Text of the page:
Think about it: when making a drink, the barista has an incentive to make it satisfactory, so that the customer doesn’t ask him to make it again. But, unless he has an incentive to make sure his location is packed with customers, he doesn’t have any extrinsically-motivated reason to make the drink great enough that the customer will definitely keep coming back.

The same is true for the customer’s general experience. A barista has an incentive not to make the customer have an unpleasant experience, because that could reflect negatively on her job performance and could lead to disciplinary action; but, she doesn’t have an incentive to make the customer experience so positive that people flood the store. (I’m assuming, as my barista suggested, that tips won’t increase markedly enough to justify this extra effort.)

(Sidenote: I’m talking pure economic incentives. I know firsthand that most baristas are wonderful people who want to make each customer thrilled with being at Starbucks even though they don’t necessarily benefit financially from that extra effort.)

The bottom line is that the corporation does nothing to make baristas excited rather than grumbly about a crowded store. That can’t be good for business.

As I reached the middle of my mocha, I started to wonder about how this payment scheme jibed (or didn’t) with similar service industries — a thought experiment that served to highlight how unique the Starbucks barista job description is.

On one hand, we could compare being a barista to being a cashier at a grocery store, perhaps someone who also walks the floor restocking shelves. There’s no incentive for this person to have a busy store, but his actions generally don’t reflect powerfully on the customer experience. And it doesn’t take much skill or training to ring up customers.

At Starbucks, the customer experience is almost completely determined by the baristas: how friendly they are, how well they make the drinks, how much they make you want to come back. This importance is reflected in the training baristas get and in their being called “partners” by the company — I don’t think Food Emporium feels so strongly about its employees.

It makes sense for the former that their pay isn’t tied to store activity, but it doesn’t make sense for Starbucks baristas.

On the other hand, we could compare being a barista to working at a clothing store. They spend some time simply ringing up customers, but they also spend time doing more skill-and-time intensive work: finding clothes for customers, ensuring that sure store is in order, making the customer happy and ready to purchase. This extra effort — akin, it seems, to the skill and time needed to make drinks to customer satisfaction — is rewarded with a commission on clothing sales for which there is no analogue in the Starbucks world.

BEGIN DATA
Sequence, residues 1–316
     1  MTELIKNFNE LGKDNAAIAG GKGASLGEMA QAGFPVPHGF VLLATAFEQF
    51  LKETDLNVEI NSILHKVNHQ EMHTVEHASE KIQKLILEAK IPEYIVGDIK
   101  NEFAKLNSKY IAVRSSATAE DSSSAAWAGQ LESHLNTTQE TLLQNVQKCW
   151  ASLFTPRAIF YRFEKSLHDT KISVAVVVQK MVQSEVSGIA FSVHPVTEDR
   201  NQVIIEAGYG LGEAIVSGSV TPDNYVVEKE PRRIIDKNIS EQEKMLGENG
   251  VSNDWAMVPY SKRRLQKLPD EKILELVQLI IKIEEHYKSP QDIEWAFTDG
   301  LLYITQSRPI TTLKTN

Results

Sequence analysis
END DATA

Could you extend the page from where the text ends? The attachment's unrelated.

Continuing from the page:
Moreover, Food Emporium can see when it’s going to be busiest and simply employ more cashiers during those shifts. Same for Banana Republic and its staff. But there’s only so much room behind the counter and at the espresso machines at a Starbucks, and so the variance in employees from shift to shift is necessarily small. When the store is especially busy, then, the brunt of the extra work falls directly on those baristas’ shoulders.

It seems pretty obvious that given the kind of work baristas are doing and the close relationship of that work to customer experience — and thus to store activity — the baristas should be incentivized to want the store busy by more than the skimpy possibility of tips.

As I reached the last few sips of my mocha, I wondered: how can this be done?

Above the base rate salary for baristas, there should be performance bonuses that come with increased store activity. If Starbucks has data on the revenue from each location, it can presumably see when a given location sees its activity increasing (perhaps above predictable seasonal changes in activity) and then reward the baristas accordingly.

And workers on shifts that face especially overwhelming crowds should be compensated for bearing that burden with grace and discipline. This salary bump would show that the corporation really does care about the effort of its partners.

In general, Starbucks is a good employer. As Shultz wrote in March:

Starbucks was the first major U.S. company to offer health care coverage to some part-timers. It also offers tuition reimbursements and a 401(k) program. That’s a high standard I wish more companies would meet.

But Starbucks has its problems with workers, too. Earlier this month, the company agreed to pay an undisclosed benefit to about 350 managers in Texas who claimed they were forced to work off the clock.

And now there’s this business with the tip jars.

Starbucks supervisors work hard, and they should be paid for their efforts. The company should stop relying on customers’ generosity to compensate them adequately. (emphasis mine)

No matter how uniform and involved corporate policies are, the personality of each Starbucks location is resolutely in the hands of its baristas.

As such, baristas should be rewarded financially for making their locations especially fun, welcoming, delicious places to be.